Increasing Sales Through Customer Feedback
Chris Barling, CEO of ecommerce software specialist, Actinic.
Ask any professional in the ecommerce space and they will give you a different answer on how to increase sales. Some will say that you must address the trust issue of online commerce; others are working on smart imagery, providing the consumer detailed product information via zoom, crops and 360 degree transitions. Others emphasise the ability to identify additional products that buyers might be interested in. Then there are the latest developments enabled by smart phones, including augmented reality. However, I think that there is one area that every site should address, which is customer feedback. Experiences of site owners have shown that getting it right is likely to grow sales by around 10-15%, so this seems a good reason to focus on it.
Feedback whether you like it or not
During the past few years there has been a seismic power shift, empowered by the net. Not long ago, dissatisfied customers could phone the company that had offended them, write to complain and tell their friends. If the company had broken the law, they might complain to Trading Standards and even take legal action. However, each of these involved effort and hassle and most people didn’t go beyond telling a few friends.
How things have changed. Nowadays, a disaffected customer can blog their complaints, go to one of numerous online review sites to make allegations against your company and broadcast them on Twitter. Anyone searching on your company name is likely to pick up these comments. And the people reading them could be your prospects, potential employees, suppliers or even investors. The damage that is possible from a single disgruntled customer is two orders of magnitude higher han it used to be. If you are providing a feedback service or not, consumers now have the tools to make their voices heard.
As a result of this shift in power, I would strongly advocate providing the ability for customers to feedback on product and services at your own site, and this is for both positive and negative reasons.
On-site feedback enables you to engage with your customers, engendering much more trust and actually garnering useful information for your business. Assuming you are providing great products and service, the positive feedback will make it much easier for new prospects to commit to buy. By having comments on your site, you will receive additional search engine benefits, especially since Google has introduced new tags to specifically identify and include customer feedback directly into search results.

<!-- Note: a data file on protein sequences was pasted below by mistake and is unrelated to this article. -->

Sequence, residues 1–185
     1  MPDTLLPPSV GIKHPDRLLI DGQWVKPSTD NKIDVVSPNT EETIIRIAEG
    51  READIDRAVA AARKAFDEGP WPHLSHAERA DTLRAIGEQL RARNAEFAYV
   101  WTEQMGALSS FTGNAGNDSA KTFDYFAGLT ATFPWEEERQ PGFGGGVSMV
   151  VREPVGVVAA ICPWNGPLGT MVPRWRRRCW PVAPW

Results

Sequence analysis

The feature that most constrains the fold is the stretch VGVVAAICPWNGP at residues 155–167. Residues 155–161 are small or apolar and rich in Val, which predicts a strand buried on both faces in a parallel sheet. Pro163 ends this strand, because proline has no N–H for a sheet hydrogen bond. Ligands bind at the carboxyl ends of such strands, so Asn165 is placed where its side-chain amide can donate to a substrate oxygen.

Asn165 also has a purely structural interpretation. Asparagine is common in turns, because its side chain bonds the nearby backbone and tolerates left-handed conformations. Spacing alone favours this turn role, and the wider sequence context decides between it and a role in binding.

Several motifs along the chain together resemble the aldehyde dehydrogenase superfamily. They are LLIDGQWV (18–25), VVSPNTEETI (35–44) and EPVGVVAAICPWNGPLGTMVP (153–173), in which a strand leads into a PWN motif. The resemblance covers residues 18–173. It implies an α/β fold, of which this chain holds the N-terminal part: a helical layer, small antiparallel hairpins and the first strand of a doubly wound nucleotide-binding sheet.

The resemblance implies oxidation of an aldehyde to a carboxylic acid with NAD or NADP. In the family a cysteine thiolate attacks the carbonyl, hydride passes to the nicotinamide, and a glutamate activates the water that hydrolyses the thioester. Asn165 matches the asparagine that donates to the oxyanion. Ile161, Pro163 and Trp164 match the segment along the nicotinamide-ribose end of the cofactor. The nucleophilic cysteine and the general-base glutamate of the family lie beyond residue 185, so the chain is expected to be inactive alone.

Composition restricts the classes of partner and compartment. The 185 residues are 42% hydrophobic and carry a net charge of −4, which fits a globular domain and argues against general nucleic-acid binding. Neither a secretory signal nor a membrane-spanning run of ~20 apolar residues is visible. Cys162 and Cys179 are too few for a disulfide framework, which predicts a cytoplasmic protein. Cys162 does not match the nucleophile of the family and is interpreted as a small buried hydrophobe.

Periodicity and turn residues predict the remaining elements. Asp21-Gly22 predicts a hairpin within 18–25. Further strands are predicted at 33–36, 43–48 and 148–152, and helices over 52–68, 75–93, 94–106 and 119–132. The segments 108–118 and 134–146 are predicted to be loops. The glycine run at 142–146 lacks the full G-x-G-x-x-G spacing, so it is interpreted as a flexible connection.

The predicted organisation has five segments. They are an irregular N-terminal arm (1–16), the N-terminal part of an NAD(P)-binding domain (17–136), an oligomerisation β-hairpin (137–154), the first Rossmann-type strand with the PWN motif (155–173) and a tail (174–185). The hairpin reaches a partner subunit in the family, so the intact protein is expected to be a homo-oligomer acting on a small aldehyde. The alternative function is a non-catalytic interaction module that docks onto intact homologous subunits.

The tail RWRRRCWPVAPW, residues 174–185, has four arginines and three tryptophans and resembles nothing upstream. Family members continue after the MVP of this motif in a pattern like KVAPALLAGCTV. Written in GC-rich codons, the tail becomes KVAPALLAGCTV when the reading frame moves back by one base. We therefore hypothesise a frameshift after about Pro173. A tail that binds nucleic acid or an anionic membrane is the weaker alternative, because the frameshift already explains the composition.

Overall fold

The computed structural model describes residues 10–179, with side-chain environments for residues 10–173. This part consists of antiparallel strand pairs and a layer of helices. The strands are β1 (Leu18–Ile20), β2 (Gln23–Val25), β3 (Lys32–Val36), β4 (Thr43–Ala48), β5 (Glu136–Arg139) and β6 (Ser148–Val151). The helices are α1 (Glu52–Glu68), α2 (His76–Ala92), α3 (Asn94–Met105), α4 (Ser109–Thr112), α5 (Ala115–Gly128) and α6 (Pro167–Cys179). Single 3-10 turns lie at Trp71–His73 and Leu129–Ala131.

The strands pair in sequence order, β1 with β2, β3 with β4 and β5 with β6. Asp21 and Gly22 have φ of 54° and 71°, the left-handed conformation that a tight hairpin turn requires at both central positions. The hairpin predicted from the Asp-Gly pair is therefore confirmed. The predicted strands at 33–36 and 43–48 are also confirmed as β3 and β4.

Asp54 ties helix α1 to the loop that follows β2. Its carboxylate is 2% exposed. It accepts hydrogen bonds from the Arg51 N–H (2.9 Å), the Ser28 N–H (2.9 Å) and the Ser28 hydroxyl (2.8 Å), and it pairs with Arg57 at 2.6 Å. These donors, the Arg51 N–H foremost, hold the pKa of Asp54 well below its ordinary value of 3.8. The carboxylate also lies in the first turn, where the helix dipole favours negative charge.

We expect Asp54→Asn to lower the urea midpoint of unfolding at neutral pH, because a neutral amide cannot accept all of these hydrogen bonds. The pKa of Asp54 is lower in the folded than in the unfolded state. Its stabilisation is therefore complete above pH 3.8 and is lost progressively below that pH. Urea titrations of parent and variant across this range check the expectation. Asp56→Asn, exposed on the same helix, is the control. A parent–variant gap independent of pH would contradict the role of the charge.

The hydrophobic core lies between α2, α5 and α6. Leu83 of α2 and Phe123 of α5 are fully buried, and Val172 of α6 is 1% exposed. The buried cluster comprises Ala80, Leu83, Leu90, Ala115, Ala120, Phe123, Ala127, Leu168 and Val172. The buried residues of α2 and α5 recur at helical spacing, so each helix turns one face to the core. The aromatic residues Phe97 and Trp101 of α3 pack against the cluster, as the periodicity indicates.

On-site feedback can also be a lightning rod for complaints, drawing them to one place where you can see them and respond.
There are several ways that a feedback capability can be provided. Either the feedback can be independently managed by a third party so you can’t edit it, or it can be under your direct control. Feedback can either be allowed just from customers or anyone can contribute.
The argument for independent feedback is slightly counter-intuitive. As a site owner, it seems crazy to open our sites up to comments from disgruntled customers that we can’t change. Nothing could be worse, could it? This is a fairly old school of thinking, and it’s critical to understand that the paradigm has changed. Firstly, this feedback is going to appear online anyway. If it doesn’t appear on your site, then you don’t have the chance to answer it, you may not even know about it, and it certainly doesn’t appear in the context of lots of positive feedback. Plus you miss the opportunity to demonstrate how you thoughtfully and professionally deal with customer complaints.
I don’t know about you, but when I use customer feedback I expect to see an element of dissatisfaction. Even the best stores get it wrong from time to time or have difficult customers. If the feedback is always positive, I don’t necessarily trust it. In other words, negative feedback validates the veracity of the good comments. I don’t think that I’m the only one with this view.
Independent feedback also has some additional search engine benefits, as the feedback is also stored on a third party site with numerous links to your site.
The argument about whether to only allow customers, or to allow anyone to feedback is simple, and in my opinion it should be customers only. Again counter-intuitively, you get more feedback if you restrict it. Remember that your customers are engaged with you, they have parted with their money. They are more interested in your products and services, whether good or bad. You can solicit them pro-actively for feedback, and make it incredibly easy. This is why you will get more feedback by targeting customers.
Only allowing customers to feedback also avoids the problems that arise from competitors providing phoney feedback, or disgruntled customers feeding back repeatedly. With a one to one relationship with orders, these problems are avoided.
If you opt for using an independent, third party to manage feedback, then one of the rising stars in this field is Feefo. However I must declare an interest here as my company has recently formed a strategic partnership with Feefo to give our site owners access to feedback on both their customer service and products. Other providers worth a look include Bazaarvoice and Reevoo.
The final word
The world has changed. While in the past all really successful businesses listened to their customers, it was still possible to survive without doing this. Today, you can’t hide from them. The question is simply whether you manage the feedback to your advantage, or your customers manage it for you to your loss.
About the author
Chris Barling co-founded Actinic in 1996 and now around 12,000 sites use its software and services to sell online. Chris has some 30 years experience in the IT industry and is a prolific contributor to business publications and websites.